Perhaps the one subject that I found most difficult to learn about was blade set-up and alignment. There is precious little out there on proper blade set-up and operation. Once you start out shearing you will learn just how important this is, – while it is inevitable that you will nick and cut sheep, a great deal of that inevitability rests upon proper blade set-up.
First set of pictures below shows the two elements of a blade:
The second picture set shows the proper relationship they must maintain to safely shear an animal.
While it is true that the closer the cutter is to the bevel (brim where it slopes off) the better the machine will cut, it is equally true the risk to the animal greatly increases. At all times the cutter should remain approximately 2 mm or .07 inches (5/64) from the bevel edge. Otherwise, not only the risk of cuts greater, they can be far more severe, especially in critical areas like nipples, narrow angles (tendons, folds, wrinkles) and tails.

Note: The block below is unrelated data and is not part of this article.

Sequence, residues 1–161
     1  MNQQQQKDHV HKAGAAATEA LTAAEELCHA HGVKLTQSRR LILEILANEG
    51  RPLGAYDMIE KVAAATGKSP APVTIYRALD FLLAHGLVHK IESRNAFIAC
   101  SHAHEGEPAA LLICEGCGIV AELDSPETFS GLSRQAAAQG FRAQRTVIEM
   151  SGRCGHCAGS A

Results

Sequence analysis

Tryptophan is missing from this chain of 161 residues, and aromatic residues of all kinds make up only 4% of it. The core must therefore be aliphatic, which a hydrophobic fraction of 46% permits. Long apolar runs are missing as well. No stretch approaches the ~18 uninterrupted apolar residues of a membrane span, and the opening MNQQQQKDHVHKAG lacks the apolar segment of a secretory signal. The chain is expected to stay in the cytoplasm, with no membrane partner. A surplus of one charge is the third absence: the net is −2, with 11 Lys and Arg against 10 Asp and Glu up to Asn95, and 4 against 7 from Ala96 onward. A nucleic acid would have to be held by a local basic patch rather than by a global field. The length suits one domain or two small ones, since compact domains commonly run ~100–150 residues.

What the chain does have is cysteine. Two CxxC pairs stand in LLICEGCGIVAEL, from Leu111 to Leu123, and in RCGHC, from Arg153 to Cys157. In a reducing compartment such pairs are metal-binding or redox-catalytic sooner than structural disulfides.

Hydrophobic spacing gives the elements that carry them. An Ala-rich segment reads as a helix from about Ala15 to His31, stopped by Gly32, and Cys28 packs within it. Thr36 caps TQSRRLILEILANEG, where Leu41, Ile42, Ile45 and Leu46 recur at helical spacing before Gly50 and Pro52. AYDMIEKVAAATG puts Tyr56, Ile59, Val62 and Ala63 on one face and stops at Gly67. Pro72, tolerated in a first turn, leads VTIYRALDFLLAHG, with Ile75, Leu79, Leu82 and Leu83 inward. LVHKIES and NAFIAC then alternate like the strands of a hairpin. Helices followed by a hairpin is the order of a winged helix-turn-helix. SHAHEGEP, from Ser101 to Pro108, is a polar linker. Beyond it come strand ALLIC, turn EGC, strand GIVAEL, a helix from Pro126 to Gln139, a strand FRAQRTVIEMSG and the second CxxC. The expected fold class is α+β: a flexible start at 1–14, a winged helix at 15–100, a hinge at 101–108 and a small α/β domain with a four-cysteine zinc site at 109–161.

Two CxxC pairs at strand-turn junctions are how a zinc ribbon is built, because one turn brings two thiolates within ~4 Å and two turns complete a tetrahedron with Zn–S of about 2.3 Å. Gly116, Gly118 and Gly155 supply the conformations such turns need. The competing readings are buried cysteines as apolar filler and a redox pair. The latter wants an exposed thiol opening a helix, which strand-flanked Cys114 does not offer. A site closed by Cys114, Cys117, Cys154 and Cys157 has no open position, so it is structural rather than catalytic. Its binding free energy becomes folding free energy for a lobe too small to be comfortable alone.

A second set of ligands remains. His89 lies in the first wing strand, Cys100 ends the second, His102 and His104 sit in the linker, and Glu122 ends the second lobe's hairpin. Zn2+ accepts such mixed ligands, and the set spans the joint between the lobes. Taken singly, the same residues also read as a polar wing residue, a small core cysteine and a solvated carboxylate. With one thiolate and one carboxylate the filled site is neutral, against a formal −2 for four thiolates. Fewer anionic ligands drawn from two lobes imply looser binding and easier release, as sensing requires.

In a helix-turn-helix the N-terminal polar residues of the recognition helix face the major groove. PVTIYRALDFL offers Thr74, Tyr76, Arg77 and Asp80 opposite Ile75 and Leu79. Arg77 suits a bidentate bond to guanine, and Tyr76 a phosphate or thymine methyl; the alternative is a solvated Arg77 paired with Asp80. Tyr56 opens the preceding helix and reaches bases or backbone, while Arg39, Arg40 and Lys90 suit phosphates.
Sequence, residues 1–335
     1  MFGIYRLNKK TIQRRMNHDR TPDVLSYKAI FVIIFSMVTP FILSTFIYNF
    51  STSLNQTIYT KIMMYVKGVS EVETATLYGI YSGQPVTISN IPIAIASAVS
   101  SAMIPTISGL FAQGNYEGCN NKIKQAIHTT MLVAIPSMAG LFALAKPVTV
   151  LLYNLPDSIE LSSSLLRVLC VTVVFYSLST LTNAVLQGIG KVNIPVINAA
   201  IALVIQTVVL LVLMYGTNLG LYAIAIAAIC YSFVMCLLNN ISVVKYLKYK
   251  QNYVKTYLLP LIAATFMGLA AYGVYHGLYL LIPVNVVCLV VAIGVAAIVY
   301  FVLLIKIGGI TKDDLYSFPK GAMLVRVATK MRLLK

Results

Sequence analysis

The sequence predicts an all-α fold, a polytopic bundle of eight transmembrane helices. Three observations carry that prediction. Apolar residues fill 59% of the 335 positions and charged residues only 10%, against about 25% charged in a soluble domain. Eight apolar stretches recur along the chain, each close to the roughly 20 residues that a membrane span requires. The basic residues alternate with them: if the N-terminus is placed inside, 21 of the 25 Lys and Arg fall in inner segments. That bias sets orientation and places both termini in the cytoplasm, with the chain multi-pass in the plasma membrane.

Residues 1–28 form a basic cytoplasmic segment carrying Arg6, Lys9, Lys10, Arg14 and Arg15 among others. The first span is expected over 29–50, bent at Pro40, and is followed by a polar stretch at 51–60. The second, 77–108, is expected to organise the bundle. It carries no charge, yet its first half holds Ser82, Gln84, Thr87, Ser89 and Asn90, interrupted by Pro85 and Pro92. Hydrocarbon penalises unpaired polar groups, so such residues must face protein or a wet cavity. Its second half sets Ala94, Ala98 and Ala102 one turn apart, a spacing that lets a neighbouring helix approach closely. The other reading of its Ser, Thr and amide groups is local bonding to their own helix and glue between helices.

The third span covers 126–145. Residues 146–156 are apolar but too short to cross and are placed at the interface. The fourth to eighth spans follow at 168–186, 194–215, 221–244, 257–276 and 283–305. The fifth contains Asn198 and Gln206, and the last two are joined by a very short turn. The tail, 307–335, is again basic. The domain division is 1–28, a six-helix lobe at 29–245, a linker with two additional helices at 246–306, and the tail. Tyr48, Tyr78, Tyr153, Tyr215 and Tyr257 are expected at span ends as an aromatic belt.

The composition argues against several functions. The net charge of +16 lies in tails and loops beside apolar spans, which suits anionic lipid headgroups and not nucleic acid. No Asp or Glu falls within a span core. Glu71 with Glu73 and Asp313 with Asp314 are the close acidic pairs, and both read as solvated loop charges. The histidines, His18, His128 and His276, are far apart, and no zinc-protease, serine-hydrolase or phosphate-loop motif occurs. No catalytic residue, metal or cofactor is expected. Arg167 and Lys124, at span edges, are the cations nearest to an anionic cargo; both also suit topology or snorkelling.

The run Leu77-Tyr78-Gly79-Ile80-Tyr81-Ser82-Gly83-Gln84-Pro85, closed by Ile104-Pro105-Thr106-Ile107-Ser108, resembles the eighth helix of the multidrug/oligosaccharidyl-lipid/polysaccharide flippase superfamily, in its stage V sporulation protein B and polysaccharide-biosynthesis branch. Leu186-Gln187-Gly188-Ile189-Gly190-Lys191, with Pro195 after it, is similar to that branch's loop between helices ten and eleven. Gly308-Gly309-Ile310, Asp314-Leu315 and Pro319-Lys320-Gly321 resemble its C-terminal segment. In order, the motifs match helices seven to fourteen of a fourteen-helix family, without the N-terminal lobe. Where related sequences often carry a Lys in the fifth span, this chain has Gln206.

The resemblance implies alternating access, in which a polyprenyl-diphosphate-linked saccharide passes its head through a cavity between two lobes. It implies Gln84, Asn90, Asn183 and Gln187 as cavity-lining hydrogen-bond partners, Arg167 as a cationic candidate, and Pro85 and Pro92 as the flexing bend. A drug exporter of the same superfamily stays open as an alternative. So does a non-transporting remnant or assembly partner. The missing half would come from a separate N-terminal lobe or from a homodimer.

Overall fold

Proper operation of a machine requires two further considerations. Most of all is proper lubrication, but also maintaining cleanliness is critical. For blades to perform well they must remain clean, it is natural for blades to get a little gritty in certain areas, near the back it is common to run across dirt and alfalfa debris, this will dry out a blade and dull it quickly. The undercarriage is also a problem area due to lanolin and debris. In these areas, I try to be especially conscious of blade cleanliness and lubrication. It will slow a machine down and wear blades out running through this stuff and the time saved taking the time to stop and clean off / oil the blades is well worth the delay.
The blades above can be purchased from Amazon here: